MSDS MSDS # 10020, N-Hexane from Phillips 66
OCCUPATIONAL SAFETY AND HEALTH GUIDELINE FOR n-HEXANE
also see http://www.osha.gov/SLTC/healthguidelines/n-hexane/index.html
This guideline summarizes pertinent information about n-hexane for workers and employers as well as for physicians, industrial hygienists, and other occupational safety and health professionals who may need such information to conduct effective occupational safety and health programs. Recommendations may be superseded by new developments in these fields; readers are therefore advised to regard these recommendations as general guidelines and to determine whether new information is available.
1. CAS No.: 110-54-3
2. RTECS No.: MN9275000
3. DOT UN: 1208 27
4. DOT label: Flammable Liquid
* Appearance and odor
CHEMICAL AND PHYSICAL PROPERTIES
* Physical data
1. Molecular weight: 86.1
2. Boiling point (at 760 mm Hg): 68.9 degrees C (156 degrees F)
3. Specific gravity (water = 1): 0.66 at 20 degrees C (68 degrees F)
4. Vapor density: 2.97
5. Freezing point: -95 degrees C (-139 degrees F)
6. Vapor pressure at 20 degrees C (68 degrees F): 124 mm Hg
7. Solubility: Slightly solubility in water; soluble in alcohol, acetone, ether, and chloroform.
8. Evaporation rate: Data not available.
1. Conditions contributing to instability: Heat, sparks, or flame.
2. Incompatibilities: Contact of n-hexane with strong oxidizing agents should be avoided. Mixtures with dinitrogen tetraoxide may explode at 28 degrees C (82.4 degrees F).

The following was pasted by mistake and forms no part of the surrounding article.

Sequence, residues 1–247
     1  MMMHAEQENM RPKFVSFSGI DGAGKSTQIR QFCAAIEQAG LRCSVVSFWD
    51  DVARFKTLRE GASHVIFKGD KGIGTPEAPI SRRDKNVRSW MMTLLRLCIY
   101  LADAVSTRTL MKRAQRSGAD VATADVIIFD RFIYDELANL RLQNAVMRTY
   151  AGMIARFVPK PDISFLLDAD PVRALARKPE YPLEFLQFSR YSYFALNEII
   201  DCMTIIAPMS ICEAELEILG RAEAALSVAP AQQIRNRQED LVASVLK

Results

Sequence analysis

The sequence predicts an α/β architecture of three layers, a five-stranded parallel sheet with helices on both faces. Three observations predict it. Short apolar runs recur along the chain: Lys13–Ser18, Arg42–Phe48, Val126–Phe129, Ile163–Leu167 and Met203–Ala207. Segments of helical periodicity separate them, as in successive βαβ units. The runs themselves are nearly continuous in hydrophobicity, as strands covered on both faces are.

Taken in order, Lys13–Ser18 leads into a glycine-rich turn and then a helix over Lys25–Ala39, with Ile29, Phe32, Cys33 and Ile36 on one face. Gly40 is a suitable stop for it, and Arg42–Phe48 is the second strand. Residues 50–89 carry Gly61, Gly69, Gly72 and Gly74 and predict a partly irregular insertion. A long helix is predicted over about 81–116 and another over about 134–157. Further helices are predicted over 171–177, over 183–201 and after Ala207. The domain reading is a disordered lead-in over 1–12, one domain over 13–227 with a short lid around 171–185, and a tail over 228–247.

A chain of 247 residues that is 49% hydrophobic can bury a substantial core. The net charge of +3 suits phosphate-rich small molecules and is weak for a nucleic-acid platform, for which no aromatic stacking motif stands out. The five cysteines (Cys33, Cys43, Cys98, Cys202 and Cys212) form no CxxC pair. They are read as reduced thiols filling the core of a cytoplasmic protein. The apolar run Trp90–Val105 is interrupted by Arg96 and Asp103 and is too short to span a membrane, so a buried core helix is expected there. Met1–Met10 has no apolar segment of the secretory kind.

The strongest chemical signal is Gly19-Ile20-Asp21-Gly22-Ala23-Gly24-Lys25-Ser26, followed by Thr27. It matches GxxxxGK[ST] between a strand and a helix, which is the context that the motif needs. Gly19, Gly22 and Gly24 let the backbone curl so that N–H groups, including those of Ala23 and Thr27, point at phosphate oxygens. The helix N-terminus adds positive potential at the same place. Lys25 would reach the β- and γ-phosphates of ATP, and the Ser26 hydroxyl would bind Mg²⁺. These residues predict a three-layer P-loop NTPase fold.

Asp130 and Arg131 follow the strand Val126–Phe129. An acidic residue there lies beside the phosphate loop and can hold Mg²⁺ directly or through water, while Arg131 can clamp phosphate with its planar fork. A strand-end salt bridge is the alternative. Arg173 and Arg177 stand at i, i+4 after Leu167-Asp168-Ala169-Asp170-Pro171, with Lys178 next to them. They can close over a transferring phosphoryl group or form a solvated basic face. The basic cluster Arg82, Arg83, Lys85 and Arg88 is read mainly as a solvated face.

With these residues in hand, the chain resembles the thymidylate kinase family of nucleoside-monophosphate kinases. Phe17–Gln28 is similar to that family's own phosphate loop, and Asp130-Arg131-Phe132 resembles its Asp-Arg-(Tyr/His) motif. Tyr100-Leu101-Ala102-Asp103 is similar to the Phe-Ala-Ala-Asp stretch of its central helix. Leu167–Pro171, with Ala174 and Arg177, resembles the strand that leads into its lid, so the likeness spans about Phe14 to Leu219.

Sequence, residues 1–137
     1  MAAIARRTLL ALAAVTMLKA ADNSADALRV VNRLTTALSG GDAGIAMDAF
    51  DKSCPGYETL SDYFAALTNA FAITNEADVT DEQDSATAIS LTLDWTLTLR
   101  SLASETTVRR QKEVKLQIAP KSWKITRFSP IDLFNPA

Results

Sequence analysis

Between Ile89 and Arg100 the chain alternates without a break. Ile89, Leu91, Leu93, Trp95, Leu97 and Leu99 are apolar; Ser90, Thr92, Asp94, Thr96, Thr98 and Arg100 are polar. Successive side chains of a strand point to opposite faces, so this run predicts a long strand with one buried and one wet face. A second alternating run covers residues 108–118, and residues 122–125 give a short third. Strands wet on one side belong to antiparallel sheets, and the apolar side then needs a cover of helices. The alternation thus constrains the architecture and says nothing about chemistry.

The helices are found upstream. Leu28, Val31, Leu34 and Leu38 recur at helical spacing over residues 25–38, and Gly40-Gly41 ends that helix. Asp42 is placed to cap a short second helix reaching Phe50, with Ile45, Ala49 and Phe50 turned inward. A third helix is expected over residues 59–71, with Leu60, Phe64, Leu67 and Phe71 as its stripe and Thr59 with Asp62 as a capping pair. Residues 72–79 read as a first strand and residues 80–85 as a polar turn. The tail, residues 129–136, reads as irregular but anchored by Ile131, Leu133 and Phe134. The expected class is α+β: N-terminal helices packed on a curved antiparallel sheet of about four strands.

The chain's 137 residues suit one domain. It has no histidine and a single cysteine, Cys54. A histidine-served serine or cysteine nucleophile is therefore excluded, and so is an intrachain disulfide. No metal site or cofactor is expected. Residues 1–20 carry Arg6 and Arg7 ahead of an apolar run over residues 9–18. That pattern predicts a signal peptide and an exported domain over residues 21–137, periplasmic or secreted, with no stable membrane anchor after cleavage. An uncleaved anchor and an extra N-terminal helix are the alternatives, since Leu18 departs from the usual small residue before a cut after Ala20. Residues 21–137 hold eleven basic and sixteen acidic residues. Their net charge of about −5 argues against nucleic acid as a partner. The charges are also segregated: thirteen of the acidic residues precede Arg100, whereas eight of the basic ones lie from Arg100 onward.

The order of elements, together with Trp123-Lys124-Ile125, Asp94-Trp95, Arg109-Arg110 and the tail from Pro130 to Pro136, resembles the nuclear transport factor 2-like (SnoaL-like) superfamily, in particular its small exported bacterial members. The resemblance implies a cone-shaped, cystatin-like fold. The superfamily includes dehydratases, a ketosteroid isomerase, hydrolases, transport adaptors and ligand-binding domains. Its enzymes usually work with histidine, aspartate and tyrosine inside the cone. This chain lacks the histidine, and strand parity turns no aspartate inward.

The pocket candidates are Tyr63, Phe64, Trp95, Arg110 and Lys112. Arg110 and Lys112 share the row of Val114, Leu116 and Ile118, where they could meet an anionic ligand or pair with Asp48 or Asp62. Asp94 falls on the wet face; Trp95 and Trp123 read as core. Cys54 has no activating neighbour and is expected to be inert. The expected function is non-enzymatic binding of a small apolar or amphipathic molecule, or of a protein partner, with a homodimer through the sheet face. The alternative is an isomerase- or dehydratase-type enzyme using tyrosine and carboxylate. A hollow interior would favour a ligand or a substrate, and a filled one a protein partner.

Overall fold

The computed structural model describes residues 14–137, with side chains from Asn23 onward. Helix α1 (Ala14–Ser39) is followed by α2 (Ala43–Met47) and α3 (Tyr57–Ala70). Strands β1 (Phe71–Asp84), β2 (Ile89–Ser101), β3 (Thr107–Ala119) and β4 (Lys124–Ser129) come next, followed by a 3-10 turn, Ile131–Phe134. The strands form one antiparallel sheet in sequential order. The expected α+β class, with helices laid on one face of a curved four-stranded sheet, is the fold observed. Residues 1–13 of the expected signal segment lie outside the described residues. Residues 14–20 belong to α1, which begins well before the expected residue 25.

3. Hazardous decomposition products: None reported.
4. Special precautions: None reported.
1. Flash point: -22 degrees C (-7 degrees F)
2. Autoignition temperature: 223 degrees C (437 degrees F)
3. Flammable limits in air (percent by volume): Lower, 1.1; upper, 7.5
4. Extinguishant: For small fires use dry chemical, carbon dioxide, water spray, or regular foam. Use water sprat, fog, or regular foam to fight large fires involving n-hexane.
* OSHA PEL
* NIOSH REL
* ACGIH TLV
* Rationale for Limits
HEALTH HAZARD INFORMATION
* Routes of Exposure
* Summary of toxicology
1. Effects on Animals: n-Hexane is a neurotoxin, a narcotic, and an irritant of the eyes, skin, and mucous membranes [Hathaway et al. 1991]. n-Hexane also causes productive and embryotoxic effects and is cytotoxic in mammalian and human test systems [NIOSH 1991]. The oral LD(50) in rats is 28,710 mg/kg, and the lowest lethal concentration in mice is 120 g/m(3) [NIOSH 1991]. Mice exposed to concentrations ranging from 1,000 to 2,000 ppm 24 hours/day for 6 days/week for 1 year developed atrophy and degeneration of hind leg muscle fibers [NLM 1992]. Mice exposed to 2,500 to 3,000 ppm n-hexane for 4 days developed liver enlargement within 24 hours of exposure onset [NLM 1992]. Rabbits exposed by inhalation to 3,000 ppm 8 hours/day for 8 days showed changes in the lungs, emphysema, necrosis of the bronchial epithelium, and atelectasis [NLM 1992]. Rats continuously exposed to 400 ppm developed anoxapathy, although intermittent exposure to 10,000 ppm 6 hours/day, 5 days/week for 13 weeks caused only mild paranodol axonal swelling [Hathaway et al. 1991]. The offspring of rats and mice exposed orally or by inhalation to n-hexane during gestation showed depressed weight gain after birth [Hathaway et al. 1991]. This agent also affects male and female reproductive capacity [Amdur 1991].